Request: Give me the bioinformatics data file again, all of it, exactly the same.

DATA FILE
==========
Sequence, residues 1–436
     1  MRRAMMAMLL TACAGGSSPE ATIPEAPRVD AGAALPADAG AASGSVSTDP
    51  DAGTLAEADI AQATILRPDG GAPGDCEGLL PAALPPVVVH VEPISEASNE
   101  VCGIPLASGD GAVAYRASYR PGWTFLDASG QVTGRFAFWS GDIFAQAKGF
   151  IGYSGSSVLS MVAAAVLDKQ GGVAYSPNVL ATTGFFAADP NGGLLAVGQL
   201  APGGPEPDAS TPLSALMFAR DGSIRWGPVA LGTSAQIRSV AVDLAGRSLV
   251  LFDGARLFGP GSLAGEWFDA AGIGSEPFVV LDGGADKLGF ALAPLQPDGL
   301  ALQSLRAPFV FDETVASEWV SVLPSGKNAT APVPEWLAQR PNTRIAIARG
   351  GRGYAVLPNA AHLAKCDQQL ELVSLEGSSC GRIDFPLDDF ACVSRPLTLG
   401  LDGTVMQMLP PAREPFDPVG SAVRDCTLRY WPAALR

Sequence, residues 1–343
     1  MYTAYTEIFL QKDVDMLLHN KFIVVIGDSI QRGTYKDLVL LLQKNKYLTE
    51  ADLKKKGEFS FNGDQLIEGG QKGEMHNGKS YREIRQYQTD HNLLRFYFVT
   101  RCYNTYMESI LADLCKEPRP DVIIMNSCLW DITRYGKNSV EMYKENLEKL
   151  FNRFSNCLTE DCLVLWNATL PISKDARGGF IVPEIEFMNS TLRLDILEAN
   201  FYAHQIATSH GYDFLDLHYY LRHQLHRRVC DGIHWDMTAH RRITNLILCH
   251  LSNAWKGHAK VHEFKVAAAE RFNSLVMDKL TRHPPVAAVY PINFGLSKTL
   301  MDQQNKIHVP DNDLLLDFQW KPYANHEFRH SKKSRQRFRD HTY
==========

Sequence, residues 1–436
     1  MRRAMMAMLL TACAGGSSPE ATIPEAPRVD AGAALPADAG AASGSVSTDP
    51  DAGTLAEADI AQATILRPDG GAPGDCEGLL PAALPPVVVH VEPISEASNE
   101  VCGIPLASGD GAVAYRASYR PGWTFLDASG QVTGRFAFWS GDIFAQAKGF
   151  IGYSGSSVLS MVAAAVLDKQ GGVAYSPNVL ATTGFFAADP NGGLLAVGQL
   201  APGGPEPDAS TPLSALMFAR DGSIRWGPVA LGTSAQIRSV AVDLAGRSLV
   251  LFDGARLFGP GSLAGEWFDA AGIGSEPFVV LDGGADKLGF ALAPLQPDGL
   301  ALQSLRAPFV FDETVASEWV SVLPSGKNAT APVPEWLAQR PNTRIAIARG
   351  GRGYAVLPNA AHLAKCDQQL ELVSLEGSSC GRIDFPLDDF ACVSRPLTLG
   401  LDGTVMQMLP PAREPFDPVG SAVRDCTLRY WPAALR

Sequence, residues 1–343
     1  MYTAYTEIFL QKDVDMLLHN KFIVVIGDSI QRGTYKDLVL LLQKNKYLTE
    51  ADLKKKGEFS FNGDQLIEGG QKGEMHNGKS YREIRQYQTD HNLLRFYFVT
   101  RCYNTYMESI LADLCKEPRP DVIIMNSCLW DITRYGKNSV EMYKENLEKL
   151  FNRFSNCLTE DCLVLWNATL PISKDARGGF IVPEIEFMNS TLRLDILEAN
   201  FYAHQIATSH GYDFLDLHYY LRHQLHRRVC DGIHWDMTAH RRITNLILCH
   251  LSNAWKGHAK VHEFKVAAAE RFNSLVMDKL TRHPPVAAVY PINFGLSKTL
   301  MDQQNKIHVP DNDLLLDFQW KPYANHEFRH SKKSRQRFRD HTY